The important thing about verbal communication is that once we’re finished relaying information, we can understand each other. Since I left high school my whole life has been about communicating with people. Yet, unlike yabbering away with Robert and Eloise before him, there have been many times when I’ve mentally held my head on my hands, wondering what the bloomin’ heck has just happened. For almost eight years, I was an employee of the Prudential, explaining to people as nicely as possible that they may have been mis-sold their endowment policy. The call centre I worked in naturally covered the whole of the UK and all its regional dialects. Source of the problem number one. I’ll freely admit to failing a few times in fathoming what a Geordie might have been telling me. Mind you, I’ve heard my own brogue played back on tape, and I can sympathise with anyone who I’ve spoken to in the past. A face for radio maybe, unfortunately not the voice. Yes, yes. I know that ultimately we ended up singing off the same hymn sheet but the journey was often fraught with tension and mistrust, mainly on the customer’s part. Apparently having an Irish accent meant I was going to either sell their policy details to the Russians or tarmac their driveways.
In spite of this, I have a profound admiration for those who work in call centres as it’s the most thankless task in this day and age. Long ago, if you worked in customer service it was face to face or via the mail. Nowadays, thanks to modern technology, it’s right here, right now or I’ll ask to speak to your manager. A no win situation. Damned if you do and action-planned if you don’t. Funnily enough, my approach 99% of the time was to whisht them with politeness. It’s a great weapon these days to be polite to someone. It can totally diffuse a potential argument at the drop of a hat. Even better, it can disarm an obnoxious buffoon, the type who believes that if you swear and shout loudly enough, someone would gladly bend over to help them. Sad really. The telephone is a wonderful tool to help people with their lives and yet many have no clue how to use it properly. It’s more than pushing a few buttons folks.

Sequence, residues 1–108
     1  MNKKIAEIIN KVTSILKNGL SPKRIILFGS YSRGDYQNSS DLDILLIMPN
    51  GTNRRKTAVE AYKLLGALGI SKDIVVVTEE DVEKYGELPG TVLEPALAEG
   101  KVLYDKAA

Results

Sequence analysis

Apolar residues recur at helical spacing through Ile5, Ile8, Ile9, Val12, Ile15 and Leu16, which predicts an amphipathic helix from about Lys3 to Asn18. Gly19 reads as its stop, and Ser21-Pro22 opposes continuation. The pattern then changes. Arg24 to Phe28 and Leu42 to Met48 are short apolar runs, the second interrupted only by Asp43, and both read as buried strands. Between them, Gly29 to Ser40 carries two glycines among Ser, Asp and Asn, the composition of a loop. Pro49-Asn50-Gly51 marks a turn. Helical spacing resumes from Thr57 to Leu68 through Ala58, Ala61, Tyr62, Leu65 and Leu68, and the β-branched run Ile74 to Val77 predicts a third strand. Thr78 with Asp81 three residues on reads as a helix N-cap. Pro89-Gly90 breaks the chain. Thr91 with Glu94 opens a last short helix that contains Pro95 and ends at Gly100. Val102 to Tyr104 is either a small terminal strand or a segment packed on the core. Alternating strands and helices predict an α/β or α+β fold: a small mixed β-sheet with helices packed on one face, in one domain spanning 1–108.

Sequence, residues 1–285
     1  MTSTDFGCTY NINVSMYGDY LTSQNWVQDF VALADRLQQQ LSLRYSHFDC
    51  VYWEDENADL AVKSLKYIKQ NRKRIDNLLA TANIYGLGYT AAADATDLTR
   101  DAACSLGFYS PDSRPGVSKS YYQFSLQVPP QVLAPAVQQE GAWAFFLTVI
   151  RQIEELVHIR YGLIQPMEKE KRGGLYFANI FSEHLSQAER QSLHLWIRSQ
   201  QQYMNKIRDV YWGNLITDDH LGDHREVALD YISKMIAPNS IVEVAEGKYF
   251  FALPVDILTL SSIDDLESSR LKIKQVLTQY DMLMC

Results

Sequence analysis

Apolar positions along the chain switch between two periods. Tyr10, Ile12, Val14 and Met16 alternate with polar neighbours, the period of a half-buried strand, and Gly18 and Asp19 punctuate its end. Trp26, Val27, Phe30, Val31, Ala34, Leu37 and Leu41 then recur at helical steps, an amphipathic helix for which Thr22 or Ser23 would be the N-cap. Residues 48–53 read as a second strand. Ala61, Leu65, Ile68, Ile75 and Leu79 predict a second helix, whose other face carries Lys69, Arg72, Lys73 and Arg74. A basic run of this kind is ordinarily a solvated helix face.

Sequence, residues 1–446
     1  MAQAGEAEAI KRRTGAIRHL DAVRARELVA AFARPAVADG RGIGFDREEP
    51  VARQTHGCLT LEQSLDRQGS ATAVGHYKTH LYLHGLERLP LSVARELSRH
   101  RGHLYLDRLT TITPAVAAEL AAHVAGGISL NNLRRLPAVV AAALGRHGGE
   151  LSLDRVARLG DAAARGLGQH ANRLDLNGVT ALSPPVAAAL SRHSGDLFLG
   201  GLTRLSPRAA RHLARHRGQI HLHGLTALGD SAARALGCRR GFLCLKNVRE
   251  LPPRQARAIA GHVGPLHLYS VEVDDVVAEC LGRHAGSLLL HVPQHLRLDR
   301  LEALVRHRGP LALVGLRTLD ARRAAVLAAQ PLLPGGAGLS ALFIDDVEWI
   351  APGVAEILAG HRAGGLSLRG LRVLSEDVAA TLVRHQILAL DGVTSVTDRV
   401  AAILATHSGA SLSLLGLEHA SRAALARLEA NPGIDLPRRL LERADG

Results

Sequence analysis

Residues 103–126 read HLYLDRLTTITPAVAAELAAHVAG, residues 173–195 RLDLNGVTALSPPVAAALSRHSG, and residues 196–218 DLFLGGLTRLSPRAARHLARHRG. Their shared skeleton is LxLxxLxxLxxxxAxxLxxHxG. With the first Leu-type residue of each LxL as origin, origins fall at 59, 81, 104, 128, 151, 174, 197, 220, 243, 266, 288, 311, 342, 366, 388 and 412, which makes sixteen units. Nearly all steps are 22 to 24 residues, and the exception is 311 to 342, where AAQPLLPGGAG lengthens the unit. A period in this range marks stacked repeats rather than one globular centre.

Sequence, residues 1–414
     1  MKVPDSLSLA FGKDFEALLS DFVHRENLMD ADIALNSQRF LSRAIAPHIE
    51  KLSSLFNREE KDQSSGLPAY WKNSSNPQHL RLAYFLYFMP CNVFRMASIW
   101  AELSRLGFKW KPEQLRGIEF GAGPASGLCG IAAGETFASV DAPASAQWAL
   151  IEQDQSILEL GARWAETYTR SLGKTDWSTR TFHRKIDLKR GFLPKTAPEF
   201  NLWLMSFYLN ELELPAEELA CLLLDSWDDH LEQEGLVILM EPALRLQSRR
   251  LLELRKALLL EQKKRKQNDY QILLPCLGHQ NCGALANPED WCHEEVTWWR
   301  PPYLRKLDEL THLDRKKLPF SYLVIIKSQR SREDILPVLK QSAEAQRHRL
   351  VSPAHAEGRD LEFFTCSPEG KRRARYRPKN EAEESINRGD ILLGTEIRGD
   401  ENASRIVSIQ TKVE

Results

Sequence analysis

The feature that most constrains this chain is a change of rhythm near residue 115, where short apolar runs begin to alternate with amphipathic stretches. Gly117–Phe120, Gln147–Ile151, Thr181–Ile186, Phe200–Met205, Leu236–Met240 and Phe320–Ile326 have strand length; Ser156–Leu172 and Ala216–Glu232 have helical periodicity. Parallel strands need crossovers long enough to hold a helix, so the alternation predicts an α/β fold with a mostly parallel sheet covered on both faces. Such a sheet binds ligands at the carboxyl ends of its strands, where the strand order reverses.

The problem isn’t the methods of communication at our disposal nowadays, it’s the language we use. Jargon is the curse of human kind. Performance Management is a good example, a euphemism for berating, motivating, psychologically manipulating, threatening, and then firing someone. In even simpler terms, buck up or yer out. Apparently it’s acceptable human nature to confuse each other with big words, terms and conditions. Is it so hard to simplify things? I’m not advocating we all speak in text lingo. We may as well have lobotomies if we go down that road. That form of language is not required to bring our communications to a more eloquent yet comprehensible level. As I write this I feel I’m opening a few cans of worms above and beyond what I had initially anticipated. Consequently I’m going to leave them for another day, to be addressed when my brain can make sense of it all.
I blame the baby talk.

February 17, 2010 Posted by | Bringing Up Baby, Communicating | , | 2 Comments